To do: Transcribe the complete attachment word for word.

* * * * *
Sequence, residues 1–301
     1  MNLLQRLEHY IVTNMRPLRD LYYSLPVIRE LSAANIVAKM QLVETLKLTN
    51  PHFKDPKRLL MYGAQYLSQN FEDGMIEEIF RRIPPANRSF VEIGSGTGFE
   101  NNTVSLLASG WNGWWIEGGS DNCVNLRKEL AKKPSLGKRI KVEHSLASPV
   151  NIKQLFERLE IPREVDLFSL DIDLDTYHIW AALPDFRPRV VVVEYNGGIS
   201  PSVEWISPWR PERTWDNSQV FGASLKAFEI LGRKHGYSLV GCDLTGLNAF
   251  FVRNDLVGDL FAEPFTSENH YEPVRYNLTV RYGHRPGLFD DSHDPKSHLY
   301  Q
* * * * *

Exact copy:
Sequence, residues 1–301
     1  MNLLQRLEHY IVTNMRPLRD LYYSLPVIRE LSAANIVAKM QLVETLKLTN
    51  PHFKDPKRLL MYGAQYLSQN FEDGMIEEIF RRIPPANRSF VEIGSGTGFE
   101  NNTVSLLASG WNGWWIEGGS DNCVNLRKEL AKKPSLGKRI KVEHSLASPV
   151  NIKQLFERLE IPREVDLFSL DIDLDTYHIW AALPDFRPRV VVVEYNGGIS
   201  PSVEWISPWR PERTWDNSQV FGASLKAFEI LGRKHGYSLV GCDLTGLNAF
   251  FVRNDLVGDL FAEPFTSENH YEPVRYNLTV RYGHRPGLFD DSHDPKSHLY
   301  Q